Bank deposits are backed by real obligations to supply goods and services to deposit holders from borrowers promises to pay. And similar with BoE notes , either a government enterprise provides goods or services ,or someone who pays tax does the same to fund the Treasury bonds held by the BoE.

Bayard said...

"I also assume it's a Ponzi scheme."

I'm not so sure. A Ponzi scheme is one that pays out using the money paid in. Crypto doesn't, by and large, pay out, at all. ARAICS, it's much more like the South Sea bubble. Some of the crypto "coins" are being sold by the original "company", like shares (in the case of Bitcoin, these are paid to the "miners"), but most of them are being sold by one lot of speculators to another, who are buying them in the hope they will go up. Sure, you can use bitcoin to buy things like real money, but I doubt that's true of many other cryptos and I'm prepared to bet that the value of "bitcoin for stuff" type transactions is vanishingly small compare to "bitcoin for other currency" ones, just as the number of people who bought shares in the South Sea Company in the hope of one day seeing a dividend return was probably vanishingly small compared to the number of people who bought them hoping to sell to a greater fool later at a profit.

mombers said...

I've dabbled a bit in BTC for fun, have put in approx £100, sold £200 and still have 0.019 BTC left. I've been lucky on a very small scale in other words :-) I even managed to get some ZAR for GBP with an interim BTC - but only because I have very low spreads on both (buying and selling from friends at the same time)

Bitcoin and other cryptos are for speculation only BUT the potential for blockchain for application as a distributed ledger is enormous. In my industry (asset management) settlement is estimated to cost between $30bn and $40bn. This includes a lot of faffing around with mistakes, undelivered shares or cash, etc. If a large group of asset managers, brokers and custodians got together and agreed to use a private blockchain to facilitate settlement, this could cut those costs enormously and reduce errors. The blockchain would be an irreversible ledger of who owns which shares, and who owes who fiat currencies. Sure, you still have the possibility of your counterparty not paying money into your bank account but you definitely know when shares or bonds are transferred into your name and settlement can be done after 10 or 20 minutes instead of next day. Reducing this settlement window reduces risk enormously too - if someone is in trouble, you have a few hours of transactions that you might lose your money from, instead of a whole day. Will be interesting to see...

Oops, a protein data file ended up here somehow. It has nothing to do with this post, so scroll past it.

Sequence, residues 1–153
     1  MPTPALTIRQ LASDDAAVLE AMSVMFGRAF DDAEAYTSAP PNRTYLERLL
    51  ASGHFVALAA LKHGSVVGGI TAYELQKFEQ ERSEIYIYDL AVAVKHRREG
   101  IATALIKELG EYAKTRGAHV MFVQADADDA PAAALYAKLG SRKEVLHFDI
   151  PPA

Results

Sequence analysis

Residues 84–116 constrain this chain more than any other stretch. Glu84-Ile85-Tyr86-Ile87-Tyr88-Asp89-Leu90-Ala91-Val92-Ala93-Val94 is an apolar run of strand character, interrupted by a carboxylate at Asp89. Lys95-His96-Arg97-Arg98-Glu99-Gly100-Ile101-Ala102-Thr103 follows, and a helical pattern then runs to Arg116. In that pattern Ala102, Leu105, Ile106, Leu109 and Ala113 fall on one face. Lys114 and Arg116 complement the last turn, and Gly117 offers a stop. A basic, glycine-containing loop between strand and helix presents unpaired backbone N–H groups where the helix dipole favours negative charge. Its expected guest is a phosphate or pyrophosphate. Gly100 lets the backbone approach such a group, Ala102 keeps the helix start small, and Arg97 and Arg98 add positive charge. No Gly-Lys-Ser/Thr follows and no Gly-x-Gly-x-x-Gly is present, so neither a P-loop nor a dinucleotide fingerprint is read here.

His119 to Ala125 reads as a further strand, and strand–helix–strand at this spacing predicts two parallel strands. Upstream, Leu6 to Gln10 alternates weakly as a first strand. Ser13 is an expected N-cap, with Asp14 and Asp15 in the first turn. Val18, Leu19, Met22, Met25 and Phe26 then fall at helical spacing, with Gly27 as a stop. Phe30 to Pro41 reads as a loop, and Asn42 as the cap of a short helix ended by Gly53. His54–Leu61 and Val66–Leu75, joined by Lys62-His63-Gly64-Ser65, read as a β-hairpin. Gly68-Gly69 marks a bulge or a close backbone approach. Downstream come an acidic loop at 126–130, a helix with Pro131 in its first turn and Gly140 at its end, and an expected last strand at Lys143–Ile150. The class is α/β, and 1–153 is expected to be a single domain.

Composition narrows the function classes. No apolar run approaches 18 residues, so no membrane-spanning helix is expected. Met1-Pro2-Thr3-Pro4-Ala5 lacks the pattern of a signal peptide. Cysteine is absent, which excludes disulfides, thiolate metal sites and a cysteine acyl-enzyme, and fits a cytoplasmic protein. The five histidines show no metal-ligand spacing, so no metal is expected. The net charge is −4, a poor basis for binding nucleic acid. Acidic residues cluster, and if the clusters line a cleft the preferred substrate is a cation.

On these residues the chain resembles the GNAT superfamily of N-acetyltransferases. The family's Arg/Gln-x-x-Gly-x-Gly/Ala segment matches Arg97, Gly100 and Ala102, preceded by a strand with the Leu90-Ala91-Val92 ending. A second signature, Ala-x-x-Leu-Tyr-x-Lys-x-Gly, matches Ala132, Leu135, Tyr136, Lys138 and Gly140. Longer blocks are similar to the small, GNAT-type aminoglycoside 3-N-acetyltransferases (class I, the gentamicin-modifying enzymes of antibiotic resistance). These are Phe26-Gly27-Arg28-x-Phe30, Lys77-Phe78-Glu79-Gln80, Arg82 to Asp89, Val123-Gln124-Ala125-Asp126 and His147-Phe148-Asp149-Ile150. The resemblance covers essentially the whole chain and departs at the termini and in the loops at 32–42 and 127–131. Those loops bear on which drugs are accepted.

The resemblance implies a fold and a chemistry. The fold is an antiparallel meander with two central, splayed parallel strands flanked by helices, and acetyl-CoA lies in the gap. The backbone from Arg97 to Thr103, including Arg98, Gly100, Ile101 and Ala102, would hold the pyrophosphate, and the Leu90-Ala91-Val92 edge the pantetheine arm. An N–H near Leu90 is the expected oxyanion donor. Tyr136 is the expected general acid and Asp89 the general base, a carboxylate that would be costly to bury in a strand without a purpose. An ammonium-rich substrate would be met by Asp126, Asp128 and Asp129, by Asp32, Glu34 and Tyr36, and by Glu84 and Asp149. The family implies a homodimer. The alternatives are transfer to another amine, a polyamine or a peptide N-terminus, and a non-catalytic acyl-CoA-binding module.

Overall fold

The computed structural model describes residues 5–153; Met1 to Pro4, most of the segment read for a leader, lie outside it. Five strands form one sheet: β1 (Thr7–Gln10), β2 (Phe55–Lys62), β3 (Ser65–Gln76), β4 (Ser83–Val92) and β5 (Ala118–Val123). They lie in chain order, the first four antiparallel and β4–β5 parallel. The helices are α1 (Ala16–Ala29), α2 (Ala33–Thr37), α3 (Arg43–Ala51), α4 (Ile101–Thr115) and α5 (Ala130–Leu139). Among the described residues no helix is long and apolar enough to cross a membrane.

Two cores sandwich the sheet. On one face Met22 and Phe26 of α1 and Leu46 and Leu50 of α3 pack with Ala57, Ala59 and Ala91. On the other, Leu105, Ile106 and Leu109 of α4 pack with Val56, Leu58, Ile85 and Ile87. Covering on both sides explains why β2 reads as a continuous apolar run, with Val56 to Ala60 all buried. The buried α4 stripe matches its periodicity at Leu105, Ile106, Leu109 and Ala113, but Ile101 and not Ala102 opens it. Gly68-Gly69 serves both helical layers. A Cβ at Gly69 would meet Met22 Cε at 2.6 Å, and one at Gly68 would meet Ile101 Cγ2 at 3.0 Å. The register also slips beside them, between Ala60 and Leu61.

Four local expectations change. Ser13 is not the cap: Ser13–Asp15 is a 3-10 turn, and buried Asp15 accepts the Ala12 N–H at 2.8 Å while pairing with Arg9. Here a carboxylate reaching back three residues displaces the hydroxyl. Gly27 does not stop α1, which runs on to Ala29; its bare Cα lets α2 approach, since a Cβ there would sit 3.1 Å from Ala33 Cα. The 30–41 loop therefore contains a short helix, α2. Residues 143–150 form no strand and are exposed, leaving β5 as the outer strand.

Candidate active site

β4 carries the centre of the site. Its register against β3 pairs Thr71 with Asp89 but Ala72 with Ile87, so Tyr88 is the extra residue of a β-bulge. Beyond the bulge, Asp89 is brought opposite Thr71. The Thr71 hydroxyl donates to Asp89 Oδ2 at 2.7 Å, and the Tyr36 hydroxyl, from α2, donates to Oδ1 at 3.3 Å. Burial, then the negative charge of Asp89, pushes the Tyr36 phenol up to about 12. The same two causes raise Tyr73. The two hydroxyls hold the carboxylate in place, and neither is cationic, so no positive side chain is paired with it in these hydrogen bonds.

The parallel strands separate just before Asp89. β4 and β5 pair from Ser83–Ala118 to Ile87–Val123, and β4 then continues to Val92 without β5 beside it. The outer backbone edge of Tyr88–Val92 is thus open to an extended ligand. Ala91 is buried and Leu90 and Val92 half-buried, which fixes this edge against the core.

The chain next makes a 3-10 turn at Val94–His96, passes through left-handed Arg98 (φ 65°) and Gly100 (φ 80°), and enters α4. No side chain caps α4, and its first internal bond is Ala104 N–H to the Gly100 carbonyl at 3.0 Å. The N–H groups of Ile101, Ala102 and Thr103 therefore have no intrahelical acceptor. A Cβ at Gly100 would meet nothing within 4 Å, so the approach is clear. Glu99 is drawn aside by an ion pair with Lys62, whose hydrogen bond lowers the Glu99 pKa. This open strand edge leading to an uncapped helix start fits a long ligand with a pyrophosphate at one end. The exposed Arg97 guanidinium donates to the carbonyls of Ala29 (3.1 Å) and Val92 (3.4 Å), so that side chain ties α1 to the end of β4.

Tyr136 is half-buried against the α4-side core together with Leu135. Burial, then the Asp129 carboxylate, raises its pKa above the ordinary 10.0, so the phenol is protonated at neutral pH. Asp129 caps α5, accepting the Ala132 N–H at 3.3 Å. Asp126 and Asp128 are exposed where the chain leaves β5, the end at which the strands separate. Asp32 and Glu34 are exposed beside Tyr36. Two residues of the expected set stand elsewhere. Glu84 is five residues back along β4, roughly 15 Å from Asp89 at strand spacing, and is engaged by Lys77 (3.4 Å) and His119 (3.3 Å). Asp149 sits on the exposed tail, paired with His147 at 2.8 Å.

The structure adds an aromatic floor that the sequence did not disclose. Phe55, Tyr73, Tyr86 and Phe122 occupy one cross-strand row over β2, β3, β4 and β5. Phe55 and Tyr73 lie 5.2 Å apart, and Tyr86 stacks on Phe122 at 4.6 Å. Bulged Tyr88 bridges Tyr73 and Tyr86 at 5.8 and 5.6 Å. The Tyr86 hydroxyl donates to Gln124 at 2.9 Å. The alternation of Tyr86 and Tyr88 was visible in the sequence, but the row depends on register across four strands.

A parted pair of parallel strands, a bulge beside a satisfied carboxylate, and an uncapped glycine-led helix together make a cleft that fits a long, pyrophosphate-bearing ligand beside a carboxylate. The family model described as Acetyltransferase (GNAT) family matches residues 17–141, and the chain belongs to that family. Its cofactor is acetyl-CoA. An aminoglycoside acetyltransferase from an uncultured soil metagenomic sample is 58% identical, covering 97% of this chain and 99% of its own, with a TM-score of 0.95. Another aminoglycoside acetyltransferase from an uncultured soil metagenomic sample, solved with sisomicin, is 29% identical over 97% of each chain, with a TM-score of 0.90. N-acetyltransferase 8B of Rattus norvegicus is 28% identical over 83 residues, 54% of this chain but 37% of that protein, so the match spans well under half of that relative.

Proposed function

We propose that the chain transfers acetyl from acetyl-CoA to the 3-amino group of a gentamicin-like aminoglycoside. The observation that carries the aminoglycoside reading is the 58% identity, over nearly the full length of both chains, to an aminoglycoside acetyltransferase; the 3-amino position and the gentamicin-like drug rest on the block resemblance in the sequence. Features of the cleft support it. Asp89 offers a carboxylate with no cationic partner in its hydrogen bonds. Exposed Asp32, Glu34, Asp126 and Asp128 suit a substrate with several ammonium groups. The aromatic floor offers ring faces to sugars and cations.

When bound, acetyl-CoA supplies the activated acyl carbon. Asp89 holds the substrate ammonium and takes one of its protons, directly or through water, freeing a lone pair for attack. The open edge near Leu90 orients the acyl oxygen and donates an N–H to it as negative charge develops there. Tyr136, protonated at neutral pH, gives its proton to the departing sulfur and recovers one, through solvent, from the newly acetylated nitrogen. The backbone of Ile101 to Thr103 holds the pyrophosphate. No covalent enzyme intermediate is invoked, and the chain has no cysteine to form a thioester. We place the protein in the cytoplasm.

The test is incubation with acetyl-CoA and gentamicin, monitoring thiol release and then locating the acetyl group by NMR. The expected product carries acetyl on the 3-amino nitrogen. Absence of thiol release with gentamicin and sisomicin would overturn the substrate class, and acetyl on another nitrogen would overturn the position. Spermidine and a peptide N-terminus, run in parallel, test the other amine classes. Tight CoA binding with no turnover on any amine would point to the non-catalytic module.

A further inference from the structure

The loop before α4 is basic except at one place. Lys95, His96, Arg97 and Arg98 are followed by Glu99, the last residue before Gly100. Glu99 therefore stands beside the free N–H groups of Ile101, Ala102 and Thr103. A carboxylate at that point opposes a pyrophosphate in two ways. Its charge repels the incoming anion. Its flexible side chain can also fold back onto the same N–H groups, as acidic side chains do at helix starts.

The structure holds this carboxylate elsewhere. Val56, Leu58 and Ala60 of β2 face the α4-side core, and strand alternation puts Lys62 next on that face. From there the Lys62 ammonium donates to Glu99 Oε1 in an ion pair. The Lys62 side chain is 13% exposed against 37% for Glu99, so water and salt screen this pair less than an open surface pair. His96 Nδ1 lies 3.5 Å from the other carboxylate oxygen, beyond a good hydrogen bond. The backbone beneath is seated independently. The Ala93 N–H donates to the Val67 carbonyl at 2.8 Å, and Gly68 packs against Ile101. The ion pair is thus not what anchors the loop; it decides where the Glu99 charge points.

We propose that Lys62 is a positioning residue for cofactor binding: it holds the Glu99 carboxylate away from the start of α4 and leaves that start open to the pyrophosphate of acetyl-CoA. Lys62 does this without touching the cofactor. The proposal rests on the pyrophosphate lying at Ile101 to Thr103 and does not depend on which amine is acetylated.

Shiney said...

@S I was being deliberately provocative - of course you can buy 'stuff' with $/£/€ and it is harder with BTC but my guess is that may change over time.

The ability to 'cash out' into another currency, from say sterling, would be problematic if a large proportion of people decided to do it at once.... I would assume.

Also agree with @M - the blockchain technology is the most interesting part.

Bayard said...

Shiney, interestingly the archaeological record shows that we are almost back now where we were thousands of year ago with trade, records of debt and credit, but no physical cash as such.

Curtis said...

@SL "What if one of these exchanges just takes your crypto and doesn't wire you the cash? What comeback have you got? Believing you are a millionaire only to see it vanish like that must be 100 times worse than never having participated and wishing you had!"

Then that exchange will go out of business, at the expense of a few unlucky people. Same as exchanging currencies on the


@S "The ability to 'cash out' into another currency, from say sterling, would be problematic if a large proportion of people decided to do it at once.... I would assume."

I assume you're referring to 24 June 2016 when lots of people wanted to 'cash out' from GBP into USD (and EUR to a lesser extent).